Another landscape, another limited palette. For this painting I used ultramarine blue, burnt sienna, burnt umber, sap and cobalt greens, a splash of raw sienna. 9×12 Fabirano Artistico.
I wanted to see if I could convey a good sense of depth, moving from the foreground with warmer colors to the distance with more neutral and greyish colors. Contrast, too, was considered for eye appeal, leading lines, depth.
If you look at the grasses in the foreground, you can see grass blades. I used a very dry flat brush to accomplish this, sometimes using a lighter green and brushing upward, or darker green to brush into the lighter green. Negative painting!
Negative painting is easy in concept – paint dark paint around a lighter object – but hard (for me at least) to put into practice. You can see what I mean above – the light trunks are depicted by darker colors painted on either side of them.
The one above is the simplest, and nicest. In the upper flowers, I found myself shaping the orange of the Peruvian Lily into the yellow above it to create the shape of the flower. The same with the darker colors against lighter ones.
Below, a gallery of what I did the other morning – most are rubbish, but the concept is what I was working on, not producing a beautiful painting for all to enjoy!
Painting requires practice, as does anything you wish to master. It can be rewarding and frustrating as hell. The key is to be aware that progress is made with each step, even if you don’t see it or feel it. It oozes into your brain and muscle memory.
Ooze, ooze, ooze.
We have had a lot of rain this year in California, and throughout both ends of the state. North and south. As a result, the hills are a brilliant lime green, and when the sun hits just right, it’s hard to believe our once beige state has blossomed into such beauty. The wildflower bloom is beginning, from the desert to the high Sierra. Cacti, poppies, lupines, and so many other flowers await our eager eyes.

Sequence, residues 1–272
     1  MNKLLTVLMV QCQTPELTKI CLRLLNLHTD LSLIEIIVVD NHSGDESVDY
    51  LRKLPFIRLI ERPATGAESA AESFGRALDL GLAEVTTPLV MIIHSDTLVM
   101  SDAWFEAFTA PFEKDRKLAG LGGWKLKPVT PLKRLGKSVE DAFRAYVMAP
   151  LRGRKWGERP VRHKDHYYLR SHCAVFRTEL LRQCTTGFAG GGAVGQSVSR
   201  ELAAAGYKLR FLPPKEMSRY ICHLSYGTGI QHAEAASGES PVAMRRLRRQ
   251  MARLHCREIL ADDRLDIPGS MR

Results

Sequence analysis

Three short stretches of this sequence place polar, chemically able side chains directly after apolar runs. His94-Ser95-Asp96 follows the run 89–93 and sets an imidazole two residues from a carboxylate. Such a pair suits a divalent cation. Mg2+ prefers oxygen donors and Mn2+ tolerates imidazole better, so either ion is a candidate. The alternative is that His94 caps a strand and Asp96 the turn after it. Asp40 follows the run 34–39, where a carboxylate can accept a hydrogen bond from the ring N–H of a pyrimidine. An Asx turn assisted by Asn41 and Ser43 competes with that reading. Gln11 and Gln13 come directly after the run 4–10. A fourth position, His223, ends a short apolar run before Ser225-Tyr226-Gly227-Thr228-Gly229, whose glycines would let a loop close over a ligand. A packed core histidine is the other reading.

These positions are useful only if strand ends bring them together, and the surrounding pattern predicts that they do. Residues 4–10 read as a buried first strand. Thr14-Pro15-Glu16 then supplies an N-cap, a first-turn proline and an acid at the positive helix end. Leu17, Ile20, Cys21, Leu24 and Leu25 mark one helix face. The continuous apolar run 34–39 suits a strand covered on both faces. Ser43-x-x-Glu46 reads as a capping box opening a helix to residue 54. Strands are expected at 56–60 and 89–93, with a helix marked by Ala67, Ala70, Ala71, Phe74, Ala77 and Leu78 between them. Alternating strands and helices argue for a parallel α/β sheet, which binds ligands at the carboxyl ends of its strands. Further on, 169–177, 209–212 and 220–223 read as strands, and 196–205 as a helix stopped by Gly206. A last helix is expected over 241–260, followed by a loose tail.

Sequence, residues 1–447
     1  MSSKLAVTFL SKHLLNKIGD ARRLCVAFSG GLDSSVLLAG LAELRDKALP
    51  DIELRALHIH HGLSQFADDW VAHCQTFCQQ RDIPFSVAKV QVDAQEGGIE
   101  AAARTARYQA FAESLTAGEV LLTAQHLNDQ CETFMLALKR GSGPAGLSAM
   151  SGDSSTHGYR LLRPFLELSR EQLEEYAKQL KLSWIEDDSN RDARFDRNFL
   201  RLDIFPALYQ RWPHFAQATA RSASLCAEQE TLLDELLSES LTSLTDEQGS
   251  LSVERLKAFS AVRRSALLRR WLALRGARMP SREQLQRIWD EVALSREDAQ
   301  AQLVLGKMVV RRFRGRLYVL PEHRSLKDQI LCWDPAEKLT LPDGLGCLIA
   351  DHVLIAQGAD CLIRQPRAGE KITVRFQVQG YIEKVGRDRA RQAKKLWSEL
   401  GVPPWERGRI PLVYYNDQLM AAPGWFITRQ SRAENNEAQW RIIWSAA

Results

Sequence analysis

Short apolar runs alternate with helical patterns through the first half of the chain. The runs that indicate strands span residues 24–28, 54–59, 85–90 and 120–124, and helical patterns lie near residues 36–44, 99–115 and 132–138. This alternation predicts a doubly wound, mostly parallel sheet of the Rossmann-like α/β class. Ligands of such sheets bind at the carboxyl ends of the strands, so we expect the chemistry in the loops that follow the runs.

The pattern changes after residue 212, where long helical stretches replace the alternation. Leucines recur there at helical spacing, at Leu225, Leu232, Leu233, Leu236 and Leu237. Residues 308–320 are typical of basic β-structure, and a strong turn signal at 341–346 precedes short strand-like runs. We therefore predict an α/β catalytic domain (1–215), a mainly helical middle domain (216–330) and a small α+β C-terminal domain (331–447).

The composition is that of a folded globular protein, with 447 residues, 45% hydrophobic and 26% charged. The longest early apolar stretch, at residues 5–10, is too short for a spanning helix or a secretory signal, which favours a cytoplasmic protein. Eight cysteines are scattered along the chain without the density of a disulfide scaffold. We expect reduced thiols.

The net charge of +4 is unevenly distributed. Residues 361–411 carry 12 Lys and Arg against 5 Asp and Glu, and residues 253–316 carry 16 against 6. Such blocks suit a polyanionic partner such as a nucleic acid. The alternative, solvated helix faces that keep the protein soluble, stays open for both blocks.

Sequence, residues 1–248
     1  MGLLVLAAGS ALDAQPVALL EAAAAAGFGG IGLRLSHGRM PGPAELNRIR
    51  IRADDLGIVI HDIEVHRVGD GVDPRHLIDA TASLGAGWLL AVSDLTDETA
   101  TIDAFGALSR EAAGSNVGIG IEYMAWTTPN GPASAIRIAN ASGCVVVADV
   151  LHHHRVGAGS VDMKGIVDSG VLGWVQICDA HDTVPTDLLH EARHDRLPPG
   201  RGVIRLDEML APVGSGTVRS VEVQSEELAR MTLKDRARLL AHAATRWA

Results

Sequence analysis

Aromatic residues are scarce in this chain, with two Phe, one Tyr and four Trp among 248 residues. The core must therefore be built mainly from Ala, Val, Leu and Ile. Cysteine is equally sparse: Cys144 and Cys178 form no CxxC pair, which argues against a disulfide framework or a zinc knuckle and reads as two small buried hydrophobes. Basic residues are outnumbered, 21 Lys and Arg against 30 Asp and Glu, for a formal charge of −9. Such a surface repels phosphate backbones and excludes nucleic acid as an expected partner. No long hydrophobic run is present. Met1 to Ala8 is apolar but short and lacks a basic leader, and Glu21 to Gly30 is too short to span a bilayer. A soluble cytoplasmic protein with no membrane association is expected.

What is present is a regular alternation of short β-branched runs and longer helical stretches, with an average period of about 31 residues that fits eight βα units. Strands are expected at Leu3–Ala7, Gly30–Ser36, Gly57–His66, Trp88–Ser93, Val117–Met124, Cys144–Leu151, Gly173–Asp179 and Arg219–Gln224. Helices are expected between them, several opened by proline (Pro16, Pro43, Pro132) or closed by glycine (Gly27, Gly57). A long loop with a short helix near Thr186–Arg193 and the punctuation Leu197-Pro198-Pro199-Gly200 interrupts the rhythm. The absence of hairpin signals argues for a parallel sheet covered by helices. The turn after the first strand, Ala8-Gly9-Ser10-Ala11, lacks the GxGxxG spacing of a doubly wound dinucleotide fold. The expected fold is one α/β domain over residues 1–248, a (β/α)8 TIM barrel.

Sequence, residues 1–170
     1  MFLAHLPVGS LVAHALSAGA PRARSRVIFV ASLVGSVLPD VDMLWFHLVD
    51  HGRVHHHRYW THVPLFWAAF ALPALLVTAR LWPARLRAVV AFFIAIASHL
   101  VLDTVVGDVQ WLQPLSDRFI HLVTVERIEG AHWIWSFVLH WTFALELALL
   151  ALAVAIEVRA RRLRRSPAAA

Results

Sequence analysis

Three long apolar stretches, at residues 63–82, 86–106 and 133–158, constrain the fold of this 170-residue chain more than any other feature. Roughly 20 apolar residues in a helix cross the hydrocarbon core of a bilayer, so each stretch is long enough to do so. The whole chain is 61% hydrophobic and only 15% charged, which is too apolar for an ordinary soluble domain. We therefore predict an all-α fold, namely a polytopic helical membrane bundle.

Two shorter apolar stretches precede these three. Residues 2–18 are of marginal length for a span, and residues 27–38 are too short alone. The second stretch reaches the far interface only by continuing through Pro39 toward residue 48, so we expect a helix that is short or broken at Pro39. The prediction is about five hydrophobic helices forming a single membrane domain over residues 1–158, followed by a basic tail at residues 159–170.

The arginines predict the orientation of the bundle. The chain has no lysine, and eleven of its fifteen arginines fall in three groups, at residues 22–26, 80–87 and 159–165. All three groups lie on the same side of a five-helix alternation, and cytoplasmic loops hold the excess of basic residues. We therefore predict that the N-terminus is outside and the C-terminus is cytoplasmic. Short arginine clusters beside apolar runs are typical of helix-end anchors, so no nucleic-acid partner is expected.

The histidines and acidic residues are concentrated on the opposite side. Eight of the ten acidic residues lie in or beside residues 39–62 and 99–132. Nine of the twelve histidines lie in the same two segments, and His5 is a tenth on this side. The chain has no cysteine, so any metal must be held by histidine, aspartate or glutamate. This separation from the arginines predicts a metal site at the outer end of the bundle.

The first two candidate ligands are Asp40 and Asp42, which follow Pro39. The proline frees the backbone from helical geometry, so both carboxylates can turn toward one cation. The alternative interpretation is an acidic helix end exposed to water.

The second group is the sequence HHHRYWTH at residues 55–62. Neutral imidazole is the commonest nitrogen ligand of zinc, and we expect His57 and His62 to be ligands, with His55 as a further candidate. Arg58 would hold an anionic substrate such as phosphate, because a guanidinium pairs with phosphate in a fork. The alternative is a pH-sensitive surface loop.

Well, it is winter, so snow shows up for some reason. New snow is so nice – but old snow is dreary, especially as winter begins to lose the charm it had at Christmas! Slushy, mushy, grey, dirty, muddy.
I decided to make up a scene – with buildings both wooden and brick, with telephone poles, and the grey mist of a city beyond. As a painting by itself, it’s a failure, but adding a few lines helped it out a bit. People will appear when the weather clears . . .
Today was a day of “firsts.” I decided to paint a big painting for me – 16×20 inches. I also chose to use a more professional paper than I have been; here, 140# cold press Arches.
I wanted to test out how Arches handles water – lots of water. Hannema is the master of the wash and wet paper approach. His current paper is Saunders Waterford, which is different, of course, from Arches. I think the Arches handled the water really well. I, on the other hand, still need to master my washes. Blooms are visible here and there, and I need to learn how to control those or eliminate them if I find them later on.
The palette of colors I used was initially what Hannema used: ultramarine blue, alizarin crimson, burnt sienna, and raw sienna. Because I did not like greens I was getting, I threw in some sap green. If I had used yellow ochre, perhaps my greens would have been more satisfactory – something to make a mental note of to try next time around.
I always learn from a video. As I have mentioned, water is one thing I am working on, along with buildings. Today, I wanted to just work with a new paper and a lot of water. The study was successful altogether methinks.
Below is Edo Hannema’s painting tutorial:
Another building! This time the simple composition helped – not a lot of corners.
For the palm tree, I used a dagger brush. I also used it for the building and the grass. I’ve never used one before, but thought it would be perfect for the fronds. A lot of fun can be had with this brush – glad I added it to my brush collection.
Flat land is like a calm sea. Few things break it up – perhaps a tree or a whale breeching. It is a challenge to compress the lines of the landscape into the narrow space seen to convey depth, space, and a sense of the land’s geography. The vast sky can dominate.